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20121204
20121204
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syria. hillary clinton had a statement out yesterday. she's in the czech republic, and she said this. i'm not going to telegraph in any specifics what we would do in the event there's credible evidence that the assad regime has resorted to using chemical weapons against their own people, but suffice it to say we are certainly planning to take action if that eventuality were to occur. first of all, what do you think that means, specifically? and, and what should it mean? >> i think it means that it's a red line for americans and the world. if that were to happen then i would expect some form of very tough military response. >> which would be what? >> i think it would be unlikely to speculate and specify right now and that's why she's being cautious in what she said. but up to now, what the west has been doing is giving some political support to the syrian opposition, obviously trying to resolve the situation as far as is possible. it's not been possible so far. >> and every day 100 people die or more. >> there are a lot of people dying. now the death toll probably would be around 40,000
starr, thanks. appreciate that. troubling developments out of syria come as hillary clinton made repeated the united states position that it will not tolerate the use of chemical weapons. >> we have made our views very clear. this is a red line for the united states. >> so is the united states about to get involved in syria's 20-month-old conflict? out front tonight, bob baer, peter brooks. nice to have both of you with us. bob, what do you think when does the united states get involved? >> i think the fact they're mixing it is highly alarming, of course. if they start deploying this, if they start putting it on artillery shells, if it looks like they're going to really fire this stuff, you know, i don't see any choice but we're going to have to go in. the west is completely -- what i'd also like to say is, that with the alloites, the regime that runs syria, would they use it? absolutely. if their back is against the wall and they think they're going to go down, they will use any of these binary gases that would stop the revolt, what they would -- they are that desperate. i don't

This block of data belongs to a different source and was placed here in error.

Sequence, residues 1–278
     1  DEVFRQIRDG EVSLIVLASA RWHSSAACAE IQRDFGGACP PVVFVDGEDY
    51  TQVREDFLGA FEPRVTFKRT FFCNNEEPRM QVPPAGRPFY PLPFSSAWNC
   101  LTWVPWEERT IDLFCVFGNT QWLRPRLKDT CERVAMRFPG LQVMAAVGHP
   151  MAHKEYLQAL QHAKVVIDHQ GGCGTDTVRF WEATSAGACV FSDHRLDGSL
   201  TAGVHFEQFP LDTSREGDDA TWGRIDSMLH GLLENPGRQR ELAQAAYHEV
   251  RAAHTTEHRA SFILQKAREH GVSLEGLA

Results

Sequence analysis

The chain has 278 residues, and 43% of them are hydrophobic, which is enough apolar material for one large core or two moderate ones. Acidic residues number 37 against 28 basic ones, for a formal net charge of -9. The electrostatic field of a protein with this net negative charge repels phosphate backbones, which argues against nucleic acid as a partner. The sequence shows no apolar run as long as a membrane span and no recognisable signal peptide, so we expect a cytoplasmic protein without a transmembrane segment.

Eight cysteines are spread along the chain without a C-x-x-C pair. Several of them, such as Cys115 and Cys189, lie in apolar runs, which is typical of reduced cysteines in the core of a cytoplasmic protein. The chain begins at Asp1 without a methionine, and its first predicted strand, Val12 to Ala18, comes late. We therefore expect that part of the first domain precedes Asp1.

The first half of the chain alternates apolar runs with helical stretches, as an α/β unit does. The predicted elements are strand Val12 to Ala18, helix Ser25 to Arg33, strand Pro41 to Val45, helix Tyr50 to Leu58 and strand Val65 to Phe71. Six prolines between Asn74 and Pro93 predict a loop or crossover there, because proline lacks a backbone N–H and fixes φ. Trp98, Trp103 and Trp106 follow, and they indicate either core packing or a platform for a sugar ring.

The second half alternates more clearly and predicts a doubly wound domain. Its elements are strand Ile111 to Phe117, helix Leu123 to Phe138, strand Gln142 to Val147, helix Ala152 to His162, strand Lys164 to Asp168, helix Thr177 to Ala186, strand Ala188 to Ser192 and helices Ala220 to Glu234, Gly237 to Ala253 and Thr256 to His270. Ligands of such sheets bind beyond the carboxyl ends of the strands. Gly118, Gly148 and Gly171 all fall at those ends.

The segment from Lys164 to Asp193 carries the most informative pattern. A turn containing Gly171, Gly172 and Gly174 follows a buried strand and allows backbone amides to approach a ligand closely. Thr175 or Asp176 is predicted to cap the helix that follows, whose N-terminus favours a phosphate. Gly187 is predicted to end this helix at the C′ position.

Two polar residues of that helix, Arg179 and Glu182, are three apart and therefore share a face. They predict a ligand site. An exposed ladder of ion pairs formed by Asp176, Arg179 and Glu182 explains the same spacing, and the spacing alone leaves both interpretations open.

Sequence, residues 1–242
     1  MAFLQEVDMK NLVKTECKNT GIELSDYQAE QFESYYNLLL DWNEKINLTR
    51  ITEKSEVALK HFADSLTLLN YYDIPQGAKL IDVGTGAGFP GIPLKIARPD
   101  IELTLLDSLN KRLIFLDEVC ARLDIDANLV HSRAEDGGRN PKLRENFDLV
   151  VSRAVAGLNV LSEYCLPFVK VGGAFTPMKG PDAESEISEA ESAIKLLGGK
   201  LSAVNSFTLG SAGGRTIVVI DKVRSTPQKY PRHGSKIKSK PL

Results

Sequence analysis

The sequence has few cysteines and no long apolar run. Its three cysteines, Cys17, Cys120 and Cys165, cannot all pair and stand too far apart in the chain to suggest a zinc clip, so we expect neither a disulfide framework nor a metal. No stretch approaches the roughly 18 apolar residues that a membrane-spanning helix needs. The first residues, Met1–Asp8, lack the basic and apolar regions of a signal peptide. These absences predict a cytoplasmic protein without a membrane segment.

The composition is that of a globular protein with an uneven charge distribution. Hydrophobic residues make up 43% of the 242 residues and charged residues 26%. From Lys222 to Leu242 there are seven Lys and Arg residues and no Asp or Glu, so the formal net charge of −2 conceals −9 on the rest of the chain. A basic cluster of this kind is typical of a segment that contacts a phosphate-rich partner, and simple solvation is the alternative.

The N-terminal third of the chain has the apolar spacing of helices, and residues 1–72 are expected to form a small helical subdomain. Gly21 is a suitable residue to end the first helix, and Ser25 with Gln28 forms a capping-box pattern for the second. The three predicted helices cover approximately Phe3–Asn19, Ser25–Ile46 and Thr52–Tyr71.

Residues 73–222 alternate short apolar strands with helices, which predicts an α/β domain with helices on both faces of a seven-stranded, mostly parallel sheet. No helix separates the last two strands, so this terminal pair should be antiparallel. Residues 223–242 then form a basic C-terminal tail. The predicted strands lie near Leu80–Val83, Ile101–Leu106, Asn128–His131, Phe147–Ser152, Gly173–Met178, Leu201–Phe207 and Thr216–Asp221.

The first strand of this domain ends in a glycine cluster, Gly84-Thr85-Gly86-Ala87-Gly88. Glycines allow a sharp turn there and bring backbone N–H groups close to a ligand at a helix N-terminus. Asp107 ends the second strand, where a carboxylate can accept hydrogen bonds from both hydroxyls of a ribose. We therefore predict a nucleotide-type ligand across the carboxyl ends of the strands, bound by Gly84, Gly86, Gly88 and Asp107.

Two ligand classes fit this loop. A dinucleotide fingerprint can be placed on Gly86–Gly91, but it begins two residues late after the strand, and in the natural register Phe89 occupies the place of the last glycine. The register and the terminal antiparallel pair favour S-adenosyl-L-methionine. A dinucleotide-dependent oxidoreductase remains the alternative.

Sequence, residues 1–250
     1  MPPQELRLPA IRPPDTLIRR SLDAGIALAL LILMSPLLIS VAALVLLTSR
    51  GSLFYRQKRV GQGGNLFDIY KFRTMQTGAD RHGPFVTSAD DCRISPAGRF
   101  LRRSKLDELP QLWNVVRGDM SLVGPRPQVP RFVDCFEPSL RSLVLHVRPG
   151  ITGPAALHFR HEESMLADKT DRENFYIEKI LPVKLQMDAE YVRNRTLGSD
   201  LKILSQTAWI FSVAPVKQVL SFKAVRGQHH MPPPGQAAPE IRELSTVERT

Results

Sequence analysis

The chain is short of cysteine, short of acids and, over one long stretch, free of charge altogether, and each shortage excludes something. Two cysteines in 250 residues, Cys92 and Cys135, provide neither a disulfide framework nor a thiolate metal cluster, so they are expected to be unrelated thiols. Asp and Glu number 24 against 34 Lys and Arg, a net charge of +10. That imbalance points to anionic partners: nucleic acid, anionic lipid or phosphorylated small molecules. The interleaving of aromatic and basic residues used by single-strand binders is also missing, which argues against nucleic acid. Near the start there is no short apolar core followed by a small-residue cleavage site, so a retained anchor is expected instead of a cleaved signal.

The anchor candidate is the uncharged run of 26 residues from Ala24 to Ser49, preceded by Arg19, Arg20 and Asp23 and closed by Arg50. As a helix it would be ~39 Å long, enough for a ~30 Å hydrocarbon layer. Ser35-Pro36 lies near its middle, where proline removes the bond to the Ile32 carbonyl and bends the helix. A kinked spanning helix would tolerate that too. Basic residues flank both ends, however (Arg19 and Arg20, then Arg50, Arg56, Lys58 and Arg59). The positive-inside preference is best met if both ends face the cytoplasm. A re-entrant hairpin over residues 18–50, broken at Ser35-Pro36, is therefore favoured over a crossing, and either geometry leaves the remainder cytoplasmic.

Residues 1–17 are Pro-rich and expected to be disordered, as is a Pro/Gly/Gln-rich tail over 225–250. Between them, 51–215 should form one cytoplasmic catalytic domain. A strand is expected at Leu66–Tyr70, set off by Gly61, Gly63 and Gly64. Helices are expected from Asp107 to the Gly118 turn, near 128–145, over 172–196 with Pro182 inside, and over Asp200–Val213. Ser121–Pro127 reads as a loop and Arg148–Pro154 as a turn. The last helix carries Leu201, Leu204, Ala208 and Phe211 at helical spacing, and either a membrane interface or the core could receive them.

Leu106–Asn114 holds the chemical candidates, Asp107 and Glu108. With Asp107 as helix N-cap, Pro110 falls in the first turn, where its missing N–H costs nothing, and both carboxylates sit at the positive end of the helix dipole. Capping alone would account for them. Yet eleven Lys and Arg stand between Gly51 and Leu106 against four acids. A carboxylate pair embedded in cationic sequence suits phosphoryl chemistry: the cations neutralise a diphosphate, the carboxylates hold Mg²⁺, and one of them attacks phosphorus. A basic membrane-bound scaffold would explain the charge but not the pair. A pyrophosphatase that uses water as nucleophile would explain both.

.6% rate of the clinton years? he did not. so is there a little give ultimately to sort of say what if it doesn't go up to 39.6%, but say 37%, is that something the white house would accept? also, this that same interview, the president raised the possibility, which is that after you do tax reform and you close loopholes and deductions, that if the rate is raised, the top rate, there's always a possibility that after you do tax reform, of course, the top rate would then go down again. so it was -- you have to listen to the president very carefully to see where there might be some give. the problem from my point of view is that everybody knows what's got to be done in the long-term. it's the question of the short-term deal. >> john boehner, speaker of the house, he came up with a proposal. but not all the conservatives in the house and the senate are on board. jim demint, republican senator from south carolina. >> this is a time to negotiate with ourselves. we need to invite the president to work with us. his proposal was so outlandish, i don't think we should go back to the table un